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  • People

    settler: Sylvia Stark

    Mar 4, 1997

    Sylvia Stark’s journey to freedom took her from slavery in Missouri, to marriage and forced displacement from California, to a life on Vancouver Islands. Though her husband may have been murdered at the hands of the white man, Sylvia was able to raise a family of four children, even though the family was uprooted regularly. Her family was one of the first wave of immigrants that has shaped Canada so strongly. read more

  • People

    poet: Maxine Tynes

    by Pam Harris | Feb 24, 1997

    Maxine Tynes has lived her life in Dartmouth, Nova Scotia, where her heritage stretches back to the time of the Black Loyalists. She draws heavily on this in her poetry. This excerpt is from a book collection published through Second Story Press called, “Faces of Feminism.” read more

  • People

    Eunadie Johnson

    by Eunadie Johnson | Feb 17, 1997

    Barriers still exist for Black people in Canada, especially for a woman like Eunadie Johnson, who chooses to live in northern Manitoba as a Black woman and a feminist. read more

  • People

    artist: Agnes Nanogak

    Nov 11, 1996

    Agnes Nanogak of Victoria’s Holman Island was one of Canada’s major artists and the first Inuit artist to receive an honourary degree from any university – anywhere. Creating work dominated by shamanism – witch doctors, spirit dancers, sorcerers and animal spirits, as well as by the traditional Inuit celebrations - her prints and drawings made it possible to look at Inuit life and history through Inuit eyes. read more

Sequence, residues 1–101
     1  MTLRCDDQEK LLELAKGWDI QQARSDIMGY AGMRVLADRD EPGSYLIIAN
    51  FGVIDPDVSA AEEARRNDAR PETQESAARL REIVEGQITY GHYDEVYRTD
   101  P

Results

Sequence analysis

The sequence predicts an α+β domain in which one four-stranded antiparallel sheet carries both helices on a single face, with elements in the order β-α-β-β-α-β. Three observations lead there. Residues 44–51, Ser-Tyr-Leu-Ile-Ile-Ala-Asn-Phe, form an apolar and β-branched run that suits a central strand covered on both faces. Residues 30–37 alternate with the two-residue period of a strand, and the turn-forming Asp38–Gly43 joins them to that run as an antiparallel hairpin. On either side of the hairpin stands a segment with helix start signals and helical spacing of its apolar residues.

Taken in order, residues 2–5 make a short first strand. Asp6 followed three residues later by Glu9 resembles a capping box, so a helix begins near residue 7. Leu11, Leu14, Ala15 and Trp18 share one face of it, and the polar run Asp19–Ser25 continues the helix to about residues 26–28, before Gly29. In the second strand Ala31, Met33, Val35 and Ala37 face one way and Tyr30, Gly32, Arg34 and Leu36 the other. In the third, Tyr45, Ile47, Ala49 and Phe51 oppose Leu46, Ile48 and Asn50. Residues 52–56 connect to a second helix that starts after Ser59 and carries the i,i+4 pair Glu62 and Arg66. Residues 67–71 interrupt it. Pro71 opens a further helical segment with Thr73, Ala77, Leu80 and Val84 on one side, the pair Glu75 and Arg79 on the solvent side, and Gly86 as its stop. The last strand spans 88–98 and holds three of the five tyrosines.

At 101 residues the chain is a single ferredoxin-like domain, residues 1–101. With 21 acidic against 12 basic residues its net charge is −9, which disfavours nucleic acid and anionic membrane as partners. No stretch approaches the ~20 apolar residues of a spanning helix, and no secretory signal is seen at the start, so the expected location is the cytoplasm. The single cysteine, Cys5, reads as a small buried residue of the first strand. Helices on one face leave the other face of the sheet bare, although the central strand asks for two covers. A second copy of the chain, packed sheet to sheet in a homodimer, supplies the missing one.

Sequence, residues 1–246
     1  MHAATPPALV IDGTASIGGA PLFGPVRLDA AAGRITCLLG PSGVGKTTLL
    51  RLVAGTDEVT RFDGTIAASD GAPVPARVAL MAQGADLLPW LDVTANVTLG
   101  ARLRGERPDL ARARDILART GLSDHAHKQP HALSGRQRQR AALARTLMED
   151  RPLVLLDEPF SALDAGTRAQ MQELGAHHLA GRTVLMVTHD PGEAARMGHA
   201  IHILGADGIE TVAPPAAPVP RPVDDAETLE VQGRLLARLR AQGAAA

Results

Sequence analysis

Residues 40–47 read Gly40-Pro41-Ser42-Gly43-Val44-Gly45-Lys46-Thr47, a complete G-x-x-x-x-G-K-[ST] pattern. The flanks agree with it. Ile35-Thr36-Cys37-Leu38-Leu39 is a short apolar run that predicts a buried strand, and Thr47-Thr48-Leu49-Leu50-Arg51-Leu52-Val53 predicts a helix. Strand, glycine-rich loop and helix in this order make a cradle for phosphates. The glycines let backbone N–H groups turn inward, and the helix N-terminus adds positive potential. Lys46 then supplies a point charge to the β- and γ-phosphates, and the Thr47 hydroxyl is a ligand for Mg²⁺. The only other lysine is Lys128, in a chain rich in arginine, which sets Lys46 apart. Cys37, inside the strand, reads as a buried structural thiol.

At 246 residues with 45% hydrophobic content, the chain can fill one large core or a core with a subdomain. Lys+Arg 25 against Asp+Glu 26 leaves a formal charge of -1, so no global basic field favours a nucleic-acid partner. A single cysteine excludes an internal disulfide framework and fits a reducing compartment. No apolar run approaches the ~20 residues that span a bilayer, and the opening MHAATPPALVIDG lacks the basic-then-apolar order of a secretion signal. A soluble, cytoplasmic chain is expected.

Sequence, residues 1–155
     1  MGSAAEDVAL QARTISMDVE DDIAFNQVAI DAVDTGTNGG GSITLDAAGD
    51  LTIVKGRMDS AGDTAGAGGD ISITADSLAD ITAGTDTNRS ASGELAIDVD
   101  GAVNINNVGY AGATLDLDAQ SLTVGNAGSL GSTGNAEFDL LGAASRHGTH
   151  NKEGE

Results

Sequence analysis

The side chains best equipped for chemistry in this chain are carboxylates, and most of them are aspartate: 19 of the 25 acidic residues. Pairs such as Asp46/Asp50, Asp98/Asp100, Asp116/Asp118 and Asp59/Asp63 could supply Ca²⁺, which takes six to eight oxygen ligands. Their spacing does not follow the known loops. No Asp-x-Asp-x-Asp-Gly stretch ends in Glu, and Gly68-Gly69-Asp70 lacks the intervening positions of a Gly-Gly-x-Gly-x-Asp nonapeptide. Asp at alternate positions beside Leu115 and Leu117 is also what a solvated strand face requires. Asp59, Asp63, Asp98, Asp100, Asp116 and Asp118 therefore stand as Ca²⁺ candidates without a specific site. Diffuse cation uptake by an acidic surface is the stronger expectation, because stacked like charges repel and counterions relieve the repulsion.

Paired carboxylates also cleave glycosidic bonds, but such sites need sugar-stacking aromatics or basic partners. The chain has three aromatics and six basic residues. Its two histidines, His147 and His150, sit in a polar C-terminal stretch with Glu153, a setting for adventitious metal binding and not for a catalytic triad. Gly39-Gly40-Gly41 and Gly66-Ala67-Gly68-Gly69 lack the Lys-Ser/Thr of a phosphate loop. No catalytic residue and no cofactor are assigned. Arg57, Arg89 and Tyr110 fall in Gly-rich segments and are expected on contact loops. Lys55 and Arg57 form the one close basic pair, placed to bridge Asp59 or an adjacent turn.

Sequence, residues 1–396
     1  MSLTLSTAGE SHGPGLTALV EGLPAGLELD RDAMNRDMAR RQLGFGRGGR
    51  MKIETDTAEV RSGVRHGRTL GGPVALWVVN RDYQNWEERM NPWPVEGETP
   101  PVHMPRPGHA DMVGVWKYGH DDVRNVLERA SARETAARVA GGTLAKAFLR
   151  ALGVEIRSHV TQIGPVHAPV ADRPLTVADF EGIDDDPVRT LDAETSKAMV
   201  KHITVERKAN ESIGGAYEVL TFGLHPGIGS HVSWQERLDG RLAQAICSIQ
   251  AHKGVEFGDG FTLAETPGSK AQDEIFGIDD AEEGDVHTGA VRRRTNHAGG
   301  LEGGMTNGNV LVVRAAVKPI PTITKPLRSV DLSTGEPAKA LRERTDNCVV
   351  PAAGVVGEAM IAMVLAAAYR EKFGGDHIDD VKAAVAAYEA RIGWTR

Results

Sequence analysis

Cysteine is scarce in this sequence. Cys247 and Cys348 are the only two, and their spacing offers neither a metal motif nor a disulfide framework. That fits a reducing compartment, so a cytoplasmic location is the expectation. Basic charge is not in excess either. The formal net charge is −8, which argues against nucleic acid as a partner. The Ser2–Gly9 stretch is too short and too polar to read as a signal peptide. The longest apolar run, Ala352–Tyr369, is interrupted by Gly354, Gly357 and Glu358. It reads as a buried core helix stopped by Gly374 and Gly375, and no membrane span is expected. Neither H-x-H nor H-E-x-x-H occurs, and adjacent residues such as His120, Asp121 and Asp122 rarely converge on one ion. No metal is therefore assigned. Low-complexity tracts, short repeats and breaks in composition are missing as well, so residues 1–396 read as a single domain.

• People

    activists: Bindu Dhaliwal and Denise Campbell

    Oct 1, 1996

    Wow! What these young full-time students have done through globally networking to improve the lives of women and to ensure more Canadian young people – especially young women – get involved in the United Nations and other international organizations to pursue equality, development and peace. read more


  • Seasonal Feature

  • April 1994: the night raid at Kingston’s Prison for Women

    by Sierra Bacquie

    There was supposed to be a new approach to the Correctional Service of Canada’s relationship to female offenders, who were promised responsible choices, respect, dignity, supportive environments, and shared responsibility. But on the night of April 26, eight women experienced humiliation, degradation, raw fear and trauma at the hands of an all-male emergency team. How did this happen? What has changed since?  read more